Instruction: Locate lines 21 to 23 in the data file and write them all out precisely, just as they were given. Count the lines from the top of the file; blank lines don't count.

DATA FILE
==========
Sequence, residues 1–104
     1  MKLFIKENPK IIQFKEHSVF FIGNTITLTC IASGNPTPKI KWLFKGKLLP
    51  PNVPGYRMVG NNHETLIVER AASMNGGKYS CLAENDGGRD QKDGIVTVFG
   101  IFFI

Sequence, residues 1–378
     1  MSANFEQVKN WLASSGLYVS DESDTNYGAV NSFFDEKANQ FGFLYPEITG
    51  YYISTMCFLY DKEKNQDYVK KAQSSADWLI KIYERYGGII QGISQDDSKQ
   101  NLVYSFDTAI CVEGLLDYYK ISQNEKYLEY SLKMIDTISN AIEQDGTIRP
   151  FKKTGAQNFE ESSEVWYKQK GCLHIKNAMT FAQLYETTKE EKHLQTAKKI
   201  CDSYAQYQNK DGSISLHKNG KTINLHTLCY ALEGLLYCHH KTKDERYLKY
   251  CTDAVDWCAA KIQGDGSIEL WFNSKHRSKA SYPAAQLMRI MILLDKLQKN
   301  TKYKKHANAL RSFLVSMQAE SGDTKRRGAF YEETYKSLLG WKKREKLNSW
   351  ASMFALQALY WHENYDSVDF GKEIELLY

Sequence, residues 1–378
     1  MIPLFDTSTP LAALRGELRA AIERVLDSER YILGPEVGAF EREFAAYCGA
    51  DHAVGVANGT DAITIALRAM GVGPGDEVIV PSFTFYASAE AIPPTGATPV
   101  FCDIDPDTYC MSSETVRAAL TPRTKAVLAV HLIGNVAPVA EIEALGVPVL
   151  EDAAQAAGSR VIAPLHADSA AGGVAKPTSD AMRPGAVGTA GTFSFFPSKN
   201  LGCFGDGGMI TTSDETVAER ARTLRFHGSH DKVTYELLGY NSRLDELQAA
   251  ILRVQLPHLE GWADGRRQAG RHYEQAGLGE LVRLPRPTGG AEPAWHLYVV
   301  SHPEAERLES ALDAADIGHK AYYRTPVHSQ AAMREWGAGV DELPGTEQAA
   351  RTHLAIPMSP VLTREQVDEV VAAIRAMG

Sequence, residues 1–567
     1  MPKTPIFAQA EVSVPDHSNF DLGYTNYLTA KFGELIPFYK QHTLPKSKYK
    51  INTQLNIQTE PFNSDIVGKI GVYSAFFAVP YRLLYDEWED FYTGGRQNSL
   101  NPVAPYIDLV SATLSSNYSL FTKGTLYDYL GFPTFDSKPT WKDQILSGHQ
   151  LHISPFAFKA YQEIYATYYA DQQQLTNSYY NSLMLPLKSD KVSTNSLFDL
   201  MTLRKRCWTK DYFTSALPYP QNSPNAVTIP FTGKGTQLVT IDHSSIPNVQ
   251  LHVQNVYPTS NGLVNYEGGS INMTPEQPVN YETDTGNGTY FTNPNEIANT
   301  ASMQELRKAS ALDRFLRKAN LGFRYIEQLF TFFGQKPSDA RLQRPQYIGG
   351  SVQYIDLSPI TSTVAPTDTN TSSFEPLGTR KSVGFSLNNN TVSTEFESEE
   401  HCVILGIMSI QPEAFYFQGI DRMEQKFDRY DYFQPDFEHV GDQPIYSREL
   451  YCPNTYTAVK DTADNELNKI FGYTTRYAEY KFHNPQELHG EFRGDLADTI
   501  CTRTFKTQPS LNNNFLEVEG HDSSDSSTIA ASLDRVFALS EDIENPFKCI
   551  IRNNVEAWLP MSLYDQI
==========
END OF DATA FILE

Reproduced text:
   301  SHPEAERLES ALDAADIGHK AYYRTPVHSQ AAMREWGAGV DELPGTEQAA
   351  RTHLAIPMSP VLTREQVDEV VAAIRAMG

Sequence, residues 1–567